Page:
Adaptations have hit the film industry with a bang – adding glitz and glamour to the fusion of film and literature.
LIVE features some upcoming adaptations which we’re excited about and chats to a film critic about reviewing movies.
Oz The Great and the Powerful
Based on “The Wonderful Wizard of Oz” by L. Frank Baum
Director: Sam Raimi
Cast: James Franco, Mila Kunis, Michelle Williams, Rachel Weisz, Zach Braff, Bill Cobbs, Tony Cox
Release date: 8 March 2013
The Great Gatsby
Based on the novel by F. Scott Fitzgerald
Director: Baz Luhrmann
Cast: Leonardo DiCaprio, Carey Mulligan, Isla Fisher, Joel Edgerton, Tobey Maguire, Callan Mc Auliffe, Amitabh Bachan, Gemma Ward, Jason Clarke, Elizabeth Debicki, Daniel Newman
Release Date: 17 May 2013
Stephen ‘Spling’ Aspeling has been a movie critic since 2007. He currently runs his own movie-based website where he regularly posts reviews, interviews with celebs, competitions and lots more.
LIVE spoke to Spling about his take on film adaptations and reviewing in general.
Tell us a bit about yourself and you came to be a film critic
I was very into my arts and English at school, and I then studied a BA in Film, Media and Visual Studies at university.
This lead to me doing some copywriting, but I still wanted to pursue my dream of becoming a movie critic as I was very interested in film, had a huge collection of DVDs, and was an avid film goer.
I started writing a review a day just as kind of hobby. They say if you write about something long enough you eventually become an expert, which was partly true in my case. I consistently reviewed and after a year or so I started investing more time and money into my work until it became a full time project.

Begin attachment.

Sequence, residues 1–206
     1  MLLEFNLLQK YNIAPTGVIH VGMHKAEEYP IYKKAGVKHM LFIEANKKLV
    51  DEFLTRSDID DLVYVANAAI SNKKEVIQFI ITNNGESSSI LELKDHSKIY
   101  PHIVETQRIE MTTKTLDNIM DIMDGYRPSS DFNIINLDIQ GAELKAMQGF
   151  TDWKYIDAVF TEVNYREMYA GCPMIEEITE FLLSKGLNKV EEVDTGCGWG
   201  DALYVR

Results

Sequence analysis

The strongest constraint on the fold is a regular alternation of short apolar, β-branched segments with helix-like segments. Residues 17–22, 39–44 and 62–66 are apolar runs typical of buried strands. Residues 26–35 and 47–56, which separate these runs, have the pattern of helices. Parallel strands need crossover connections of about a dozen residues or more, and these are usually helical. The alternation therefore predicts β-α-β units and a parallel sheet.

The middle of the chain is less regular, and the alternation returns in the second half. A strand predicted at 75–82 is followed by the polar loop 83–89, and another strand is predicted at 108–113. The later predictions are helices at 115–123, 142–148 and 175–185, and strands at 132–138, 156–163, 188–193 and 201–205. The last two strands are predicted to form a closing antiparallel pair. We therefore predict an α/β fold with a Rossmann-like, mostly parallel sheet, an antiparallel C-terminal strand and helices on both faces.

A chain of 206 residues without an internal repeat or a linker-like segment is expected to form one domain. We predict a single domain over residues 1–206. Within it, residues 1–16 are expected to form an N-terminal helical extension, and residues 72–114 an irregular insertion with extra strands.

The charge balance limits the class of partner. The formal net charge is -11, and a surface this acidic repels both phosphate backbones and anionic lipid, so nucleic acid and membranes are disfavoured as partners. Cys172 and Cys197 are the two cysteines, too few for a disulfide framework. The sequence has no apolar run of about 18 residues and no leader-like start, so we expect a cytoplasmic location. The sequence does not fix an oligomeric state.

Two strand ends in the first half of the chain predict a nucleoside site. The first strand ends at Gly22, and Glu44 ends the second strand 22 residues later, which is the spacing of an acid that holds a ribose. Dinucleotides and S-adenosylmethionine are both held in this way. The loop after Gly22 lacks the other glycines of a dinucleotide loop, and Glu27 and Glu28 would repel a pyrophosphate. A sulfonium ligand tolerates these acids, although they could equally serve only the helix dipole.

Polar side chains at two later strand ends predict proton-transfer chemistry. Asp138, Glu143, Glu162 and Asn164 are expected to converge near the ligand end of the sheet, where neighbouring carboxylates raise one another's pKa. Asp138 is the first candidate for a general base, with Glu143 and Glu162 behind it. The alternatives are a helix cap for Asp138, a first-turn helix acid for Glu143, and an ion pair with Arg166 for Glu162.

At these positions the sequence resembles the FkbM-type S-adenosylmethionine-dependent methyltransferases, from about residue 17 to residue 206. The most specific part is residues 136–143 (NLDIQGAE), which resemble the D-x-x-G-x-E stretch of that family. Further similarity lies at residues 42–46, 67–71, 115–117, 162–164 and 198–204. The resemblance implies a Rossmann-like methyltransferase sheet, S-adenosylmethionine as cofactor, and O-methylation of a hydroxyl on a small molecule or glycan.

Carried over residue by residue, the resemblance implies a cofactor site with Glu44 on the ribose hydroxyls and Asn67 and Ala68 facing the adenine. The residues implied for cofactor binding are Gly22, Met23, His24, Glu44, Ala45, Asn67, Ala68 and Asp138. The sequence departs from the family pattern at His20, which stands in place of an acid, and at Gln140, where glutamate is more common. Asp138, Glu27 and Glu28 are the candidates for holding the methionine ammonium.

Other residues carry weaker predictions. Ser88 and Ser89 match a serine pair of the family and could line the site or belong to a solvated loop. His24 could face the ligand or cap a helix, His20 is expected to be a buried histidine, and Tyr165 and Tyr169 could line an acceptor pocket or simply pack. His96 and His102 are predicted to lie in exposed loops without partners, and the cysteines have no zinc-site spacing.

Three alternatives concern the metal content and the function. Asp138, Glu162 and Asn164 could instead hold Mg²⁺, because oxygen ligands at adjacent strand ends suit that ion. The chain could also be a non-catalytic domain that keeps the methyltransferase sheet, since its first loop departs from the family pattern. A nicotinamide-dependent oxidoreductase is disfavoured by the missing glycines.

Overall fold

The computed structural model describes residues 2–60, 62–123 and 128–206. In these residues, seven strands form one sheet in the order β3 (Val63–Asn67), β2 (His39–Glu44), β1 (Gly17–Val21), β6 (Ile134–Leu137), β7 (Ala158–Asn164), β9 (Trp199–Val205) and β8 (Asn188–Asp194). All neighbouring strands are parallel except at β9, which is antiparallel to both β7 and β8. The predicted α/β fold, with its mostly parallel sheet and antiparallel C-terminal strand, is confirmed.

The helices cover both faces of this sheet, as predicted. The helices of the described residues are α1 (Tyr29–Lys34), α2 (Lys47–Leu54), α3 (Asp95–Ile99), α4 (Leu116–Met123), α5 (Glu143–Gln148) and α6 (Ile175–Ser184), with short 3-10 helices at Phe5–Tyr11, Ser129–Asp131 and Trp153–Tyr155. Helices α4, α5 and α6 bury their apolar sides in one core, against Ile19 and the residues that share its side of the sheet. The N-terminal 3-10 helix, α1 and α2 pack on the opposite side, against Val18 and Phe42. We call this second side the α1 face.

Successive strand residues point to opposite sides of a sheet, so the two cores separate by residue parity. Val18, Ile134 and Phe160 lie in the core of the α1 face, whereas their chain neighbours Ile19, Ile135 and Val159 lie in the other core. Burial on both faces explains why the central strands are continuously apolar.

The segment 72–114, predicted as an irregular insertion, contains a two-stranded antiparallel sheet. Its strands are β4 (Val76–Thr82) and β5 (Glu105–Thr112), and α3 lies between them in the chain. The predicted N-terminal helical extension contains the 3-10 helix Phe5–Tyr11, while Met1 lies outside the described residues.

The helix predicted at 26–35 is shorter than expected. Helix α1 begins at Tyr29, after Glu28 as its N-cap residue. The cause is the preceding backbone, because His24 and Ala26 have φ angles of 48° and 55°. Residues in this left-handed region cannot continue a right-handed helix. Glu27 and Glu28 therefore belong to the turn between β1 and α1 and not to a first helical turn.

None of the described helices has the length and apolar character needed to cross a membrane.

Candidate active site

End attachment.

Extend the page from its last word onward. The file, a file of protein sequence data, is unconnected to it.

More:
What are some of the criteria for reviewing a film?
Reviewing is an interesting sort of assessment because so many of the arts come together to make a film. You’re looking at factors such as the sound track, the visual component, the intentions of the director and other creative elements.
What are some of the challenges of comparing a book to its film adaptation?
I think an adaptation is more of an inspiration, and I think the film therefore has to honour its source material.
It doesn’t have to be entirely accurate though, especially since some things don’t translate very well into film. A lot of adaptations at least take the core of the book’s message and then create a new artwork out of this.
The whole thing with adaptations is that you could have had a script that was equally as brilliant as an adaptation. Having a book behind it just means there’s much more thought involved since the book is laid out from beginning to end, involves more characterisation and has a more solid structure.
Which books do you think should and shouldn’t be made into films?
Should – Holy books
It’s such a rich source of inspiration for an adaptation because you’ve got so many characters that are all sort of fallen and all kind of redeemed in some way or another. When people tap it to the more human stories, there’s a better chance of them succeeding and connecting with people who watch it.
Shouldn’t – Mein Kampf
Just because turning it into pop culture would really be a bad idea in a number of ways – there’s enough weirdness in the world already!
A message for young and aspiring writers
Just start. If you’ve got enough passion about what you do, make a sacrifice – it might be financial, it might be time wise. Pursue your dream without fear of failure, and pick up as much info along the way. If you stick at something long enough, you’re going to succeed.
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